National Facilities and Platforms: A Smart Way to Fund Research Infrastructure

Guest Contributor
November 21, 2018

The Canada Foundation for Innovation’s (CFI) funding support for research infrastructure is vital for universities and colleges in Canada. Canada’s Federal Budget 2018 included an increase and long-term stability in funding for CFI – a smart move.  How might this new CFI funding be used to address current program challenges?

Since the creation of CFI in 1997 we in the research community have learned a lot about specifying, purchasing, and commissioning scientific instruments.  First, some of the equipment most vital to generating high-quality research outcomes (publications, trained personnel, R&D innovations in companies) isn’t bleeding edge or state-of-the-art but foundational, general-purpose infrastructure.

Second, whether state-of-the-art or mainstream, some of these instruments can only be justified if they can be procured, commissioned and managed as infrastructure shared among a large group of users. In this scenario, sharing amplifies the research outcomes from any single investment of capital and operating funds—a definite win. In certain cases, this shared infrastructure takes the form of large, custom-designed and custom-built equipment. Often a multi-disciplinary team of researchers will work collaboratively to specify a technology platform with customizable elements that allow it to be easily adapted to address a range of specific research needs. Exploiting modular and reusable components, these customizable platforms again allow a single investment to satisfy a broad range of research needs and interests across the Canadian research community.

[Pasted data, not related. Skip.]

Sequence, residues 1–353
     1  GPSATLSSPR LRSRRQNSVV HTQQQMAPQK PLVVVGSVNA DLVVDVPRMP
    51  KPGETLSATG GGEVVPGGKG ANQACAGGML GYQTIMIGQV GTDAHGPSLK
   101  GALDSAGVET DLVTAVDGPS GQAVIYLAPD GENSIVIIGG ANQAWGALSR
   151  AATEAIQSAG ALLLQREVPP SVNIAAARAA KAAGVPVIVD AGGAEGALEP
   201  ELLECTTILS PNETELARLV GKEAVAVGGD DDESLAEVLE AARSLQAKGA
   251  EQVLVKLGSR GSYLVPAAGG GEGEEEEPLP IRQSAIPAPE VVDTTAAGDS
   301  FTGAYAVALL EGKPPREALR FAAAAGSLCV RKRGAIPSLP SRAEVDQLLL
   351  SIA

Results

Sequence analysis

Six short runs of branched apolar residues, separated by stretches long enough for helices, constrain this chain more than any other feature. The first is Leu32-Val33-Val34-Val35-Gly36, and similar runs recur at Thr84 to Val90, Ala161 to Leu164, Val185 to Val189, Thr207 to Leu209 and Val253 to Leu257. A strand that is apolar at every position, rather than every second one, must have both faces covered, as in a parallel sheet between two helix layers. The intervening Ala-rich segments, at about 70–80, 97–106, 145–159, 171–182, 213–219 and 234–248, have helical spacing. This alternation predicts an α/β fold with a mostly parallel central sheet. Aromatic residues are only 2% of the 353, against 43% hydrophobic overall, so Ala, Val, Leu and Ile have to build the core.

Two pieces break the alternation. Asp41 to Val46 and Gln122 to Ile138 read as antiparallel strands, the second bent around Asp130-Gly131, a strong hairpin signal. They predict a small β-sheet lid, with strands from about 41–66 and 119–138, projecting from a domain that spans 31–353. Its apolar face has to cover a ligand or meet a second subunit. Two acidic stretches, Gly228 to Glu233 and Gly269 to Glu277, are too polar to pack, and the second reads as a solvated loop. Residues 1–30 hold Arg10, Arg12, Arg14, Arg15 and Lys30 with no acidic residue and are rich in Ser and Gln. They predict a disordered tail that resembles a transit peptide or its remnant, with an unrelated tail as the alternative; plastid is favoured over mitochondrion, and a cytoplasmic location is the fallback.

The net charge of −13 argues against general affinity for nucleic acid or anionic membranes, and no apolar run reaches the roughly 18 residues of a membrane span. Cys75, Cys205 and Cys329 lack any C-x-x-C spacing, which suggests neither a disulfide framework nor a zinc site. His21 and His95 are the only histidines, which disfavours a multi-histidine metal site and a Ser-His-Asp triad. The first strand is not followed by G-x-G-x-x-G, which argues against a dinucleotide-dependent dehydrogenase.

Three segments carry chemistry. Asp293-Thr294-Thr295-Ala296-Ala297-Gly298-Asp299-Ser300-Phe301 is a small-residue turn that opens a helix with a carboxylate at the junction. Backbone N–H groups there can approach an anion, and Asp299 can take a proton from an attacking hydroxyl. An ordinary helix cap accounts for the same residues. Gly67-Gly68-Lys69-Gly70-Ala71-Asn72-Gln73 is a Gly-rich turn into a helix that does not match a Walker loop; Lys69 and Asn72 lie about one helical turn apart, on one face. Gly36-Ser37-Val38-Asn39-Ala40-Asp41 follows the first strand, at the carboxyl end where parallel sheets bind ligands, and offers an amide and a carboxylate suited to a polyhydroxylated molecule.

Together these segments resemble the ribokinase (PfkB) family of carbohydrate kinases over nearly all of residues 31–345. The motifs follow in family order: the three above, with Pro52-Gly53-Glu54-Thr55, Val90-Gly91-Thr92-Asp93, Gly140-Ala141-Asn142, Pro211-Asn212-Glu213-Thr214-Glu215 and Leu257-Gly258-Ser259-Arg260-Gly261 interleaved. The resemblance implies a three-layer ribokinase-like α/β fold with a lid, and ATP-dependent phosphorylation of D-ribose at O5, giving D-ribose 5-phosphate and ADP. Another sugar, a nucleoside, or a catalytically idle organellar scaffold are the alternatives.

Third, funding the purchase of equipment is one challenge, while funding the operating costs to continue benefiting from the equipment is another.  Whether their installations be large or small, many institutions struggle to secure the ongoing operating resources to benefit fully from CFI capital investments. It is not uncommon for equipment to be out of commission for extended periods solely for want of repair or replacement of a missing piece, or that a specialized instrument lies idle due to the lack of funds to pay an experienced technician to run it.

One approach to addressing the operating resource challenge, particularly for shared instruments, is to consolidate these installations into a core facility: physically co-locating equipment for operating efficiencies and greater usage by professors and students in a given institution or region. Concentrating support realizes economies of scale and the speedy development of deep technical expertise to maximize efficient use of the equipment and accelerate research outcomes.

Canada’s Fundamental Science Review (the 2017 Naylor report) identified a subset of these core facilities, such as Canada’s National Design Network (CNDN), as Major Research Facilities (MRFs) delivering pan-Canadian impact.  CFI’s Major Science Initiatives (MSI) program in turn recognizes 17 national facilities as MSIs. Whether designated MRFs, MSIs or not, these facilities greatly reduce the cost of infrastructure and make it available to researchers across Canada for whom it may otherwise be unaffordable.